Hot & numbing dried beef

The hot and numbing beef is one of my favourite Spice Temple dishes – I love eating it as a snack or with rice and boiled greens. These are two meat dishes that are worth the effort and require some skill in their execution, marking a good culinary challenge for the colder evenings.


  • Red braised brisket
  • 1kg trimmed beef brisket
  • 350ml Shaoxing wine
  • 175ml light soy sauce
  • 120g rock sugar 4cm ginger, smashed
  • 5 cloves garlic, smashed
  • 2 shallots (green part)
  • 8 star anise
  • 2 quills cassia peel of ½ mandarin
  • Vegetable oil, for deep-frying
  • 2½ tbsp peanut oil
  • 4cm knob of ginger, finely chopped
  • 4 cloves garlic, finely chopped
  • 4 tsp dark soy sauce
  • 160ml chicken stock
  • 1 tsp white sugar
  • 2 tsp roasted and ground Sichuan pepper
  • 4 tsp chilli oil
  • Sesame oil and finely sliced spring onions, to serve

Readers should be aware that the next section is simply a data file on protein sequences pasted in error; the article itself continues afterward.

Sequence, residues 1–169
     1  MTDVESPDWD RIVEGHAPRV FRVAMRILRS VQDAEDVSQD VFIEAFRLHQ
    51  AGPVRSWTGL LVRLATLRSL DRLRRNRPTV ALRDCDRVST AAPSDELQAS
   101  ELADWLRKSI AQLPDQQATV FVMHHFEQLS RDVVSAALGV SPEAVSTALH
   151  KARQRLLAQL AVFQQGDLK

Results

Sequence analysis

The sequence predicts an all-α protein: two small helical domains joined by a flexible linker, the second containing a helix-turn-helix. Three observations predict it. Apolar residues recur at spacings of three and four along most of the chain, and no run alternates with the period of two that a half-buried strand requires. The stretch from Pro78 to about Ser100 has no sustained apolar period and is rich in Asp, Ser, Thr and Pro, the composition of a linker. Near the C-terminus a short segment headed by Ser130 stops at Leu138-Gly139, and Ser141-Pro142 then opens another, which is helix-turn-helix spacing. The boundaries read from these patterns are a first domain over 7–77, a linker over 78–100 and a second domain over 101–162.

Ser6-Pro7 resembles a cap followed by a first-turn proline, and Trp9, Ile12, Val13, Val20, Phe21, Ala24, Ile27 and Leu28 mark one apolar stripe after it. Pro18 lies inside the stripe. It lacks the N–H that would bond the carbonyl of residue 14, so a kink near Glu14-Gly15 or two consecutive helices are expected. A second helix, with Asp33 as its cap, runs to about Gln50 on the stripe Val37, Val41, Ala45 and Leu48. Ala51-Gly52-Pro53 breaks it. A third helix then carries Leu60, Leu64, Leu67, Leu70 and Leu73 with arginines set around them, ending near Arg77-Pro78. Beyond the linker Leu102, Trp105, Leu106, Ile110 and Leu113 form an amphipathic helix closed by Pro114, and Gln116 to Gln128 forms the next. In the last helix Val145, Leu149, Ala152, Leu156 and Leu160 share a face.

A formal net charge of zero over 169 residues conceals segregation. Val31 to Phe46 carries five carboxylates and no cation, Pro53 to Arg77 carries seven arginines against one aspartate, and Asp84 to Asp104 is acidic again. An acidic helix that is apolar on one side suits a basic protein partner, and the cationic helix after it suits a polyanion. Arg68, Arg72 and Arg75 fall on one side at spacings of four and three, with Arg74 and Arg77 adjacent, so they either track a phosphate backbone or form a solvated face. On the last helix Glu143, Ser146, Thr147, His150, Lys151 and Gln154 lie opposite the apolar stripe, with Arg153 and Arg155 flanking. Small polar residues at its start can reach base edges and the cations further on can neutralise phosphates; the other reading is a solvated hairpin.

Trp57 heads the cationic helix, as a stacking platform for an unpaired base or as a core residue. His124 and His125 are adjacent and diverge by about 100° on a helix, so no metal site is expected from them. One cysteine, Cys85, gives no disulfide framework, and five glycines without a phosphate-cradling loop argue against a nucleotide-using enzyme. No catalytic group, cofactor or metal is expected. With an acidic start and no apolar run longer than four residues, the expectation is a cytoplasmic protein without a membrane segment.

Cover brisket with cold water and bring to the boil. Drain, discarding water. Rinse well and set aside. Combine all other brisket ingredients in a clean pot with 2½ litres cold water and bring to the boil. Add brisket, turn heat down to barely simmering and cook for about 4 hours, until fork-tender. Once cooked, remove brisket and refrigerate overnight. Save the stock to reuse.

When you’re ready to eat, cut brisket into 5mm-thick slices. In a wok, heat the vegetable oil to 180°C and deep-fry in small batches for 2 minutes, turning over halfway, until dark and crispy around the edges. Drain on a paper towel.

Wipe the wok clean, then place over medium heat and add the peanut oil. When the oil is hot, add the ginger and garlic and stir-fry until fragrant, then add the brisket and the rest of the ingredients, saving some Sichuan pepper to serve. Cook until the sauce is thick and almost reduced to a glaze. To finish, transfer to a serving plate, drizzle with sesame oil and garnish with finely sliced spring onions, then serve with rice and steamed Asian greens.

NOTES: First published in the Good Weekend.